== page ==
Reflections On Grace, an international photography exhibition in the city is an exciting take on a variety of subjects — from history to relationships

The photo festival themed ‘Reflections On Grace’ put up just outside the central lecture theatre on IIT-Madras campus as part of the week-long contemporary art festival Art Chennai, offered one an opportunity to reflect on art. On a hot Monday morning, Prashanth Panjiar, founder of Nazar Foundation, inaugurated the exhibition in the presence of the convenor of the festival, Sanjay Tulsyan.

Having already been on display last year at the bi-annual Delhi Photo Festival, Prashanth Panjiar, one of the curators of the photo festival, said that the photographs on display are a product of open-ended and a broad interpretation of ‘grace’. “It was a festival that invited photographs from the public. We received around 6,400 submissions from around 90 countries,” he said.

The ones that made it to Chennai offered an exciting take on disease, morality, history and relationships. The most popular set of photographs was clicked by South Korean Jason Sangik Noh, who presented compelling biography of cancer in pictures by interpreting the effects it has on human beings. The second most engaging set of displays was that of Myriam Meloni, an Italian artist, whose experiment has tried to capture the life and relationships of a sex-worker.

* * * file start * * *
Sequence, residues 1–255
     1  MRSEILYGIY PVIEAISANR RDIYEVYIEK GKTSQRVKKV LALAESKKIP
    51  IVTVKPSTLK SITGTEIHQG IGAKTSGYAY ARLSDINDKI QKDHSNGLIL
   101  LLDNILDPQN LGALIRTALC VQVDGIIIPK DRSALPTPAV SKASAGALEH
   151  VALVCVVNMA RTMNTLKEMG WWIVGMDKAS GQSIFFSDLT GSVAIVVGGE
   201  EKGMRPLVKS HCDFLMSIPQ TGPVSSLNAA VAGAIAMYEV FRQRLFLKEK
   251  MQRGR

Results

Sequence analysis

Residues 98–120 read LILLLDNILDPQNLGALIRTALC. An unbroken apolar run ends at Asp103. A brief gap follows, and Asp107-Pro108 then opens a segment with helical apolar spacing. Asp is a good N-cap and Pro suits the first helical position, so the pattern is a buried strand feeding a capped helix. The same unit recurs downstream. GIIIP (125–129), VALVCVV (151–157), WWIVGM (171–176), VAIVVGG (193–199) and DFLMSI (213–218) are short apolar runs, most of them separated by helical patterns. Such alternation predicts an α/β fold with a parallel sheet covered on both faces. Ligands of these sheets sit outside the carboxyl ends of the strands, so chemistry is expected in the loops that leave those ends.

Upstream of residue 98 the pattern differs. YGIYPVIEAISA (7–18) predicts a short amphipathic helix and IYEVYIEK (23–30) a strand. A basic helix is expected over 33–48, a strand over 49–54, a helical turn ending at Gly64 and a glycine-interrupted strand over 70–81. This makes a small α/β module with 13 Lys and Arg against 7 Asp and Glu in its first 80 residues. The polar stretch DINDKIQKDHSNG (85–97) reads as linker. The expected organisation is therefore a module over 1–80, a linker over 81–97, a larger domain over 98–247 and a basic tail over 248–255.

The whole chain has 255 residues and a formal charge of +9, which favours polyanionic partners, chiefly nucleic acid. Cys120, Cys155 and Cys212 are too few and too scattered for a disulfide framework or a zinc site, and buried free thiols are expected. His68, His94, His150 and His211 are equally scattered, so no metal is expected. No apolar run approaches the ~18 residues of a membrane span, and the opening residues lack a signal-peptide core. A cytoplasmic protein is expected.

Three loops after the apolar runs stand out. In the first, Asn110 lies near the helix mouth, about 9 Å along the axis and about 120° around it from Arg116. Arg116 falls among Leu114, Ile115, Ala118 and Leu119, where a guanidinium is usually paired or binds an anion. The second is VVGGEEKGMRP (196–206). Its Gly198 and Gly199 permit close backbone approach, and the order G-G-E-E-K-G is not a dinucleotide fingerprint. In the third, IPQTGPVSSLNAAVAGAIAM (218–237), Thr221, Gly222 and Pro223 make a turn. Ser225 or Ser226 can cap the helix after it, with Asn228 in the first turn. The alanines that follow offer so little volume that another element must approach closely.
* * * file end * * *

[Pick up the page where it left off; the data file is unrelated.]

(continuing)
About the third edition of the festival whose focus is on ‘Environment, Heritage and Conservation’, Sanjay Tulsyan, said, “Art is a way through which we can start a dialogue. The intention was to expose common people to contemporary art forms and make it more inclusive.”

As many as 28 venues in the city, including the beach, IT parks, malls and colleges, will witness art works on display for a week. At the Ascendas IT Park, Sachin George Sebastian’s installation, which depicted the chaotic life that we lead in the metros, attracted a number of IT professionals. “All my work revolves around the migration, chaos and survival in India’s metros. I try to create a pleasant installation, mostly sticking to white, to offset the unpleasant chaos in the city that my work reflects.”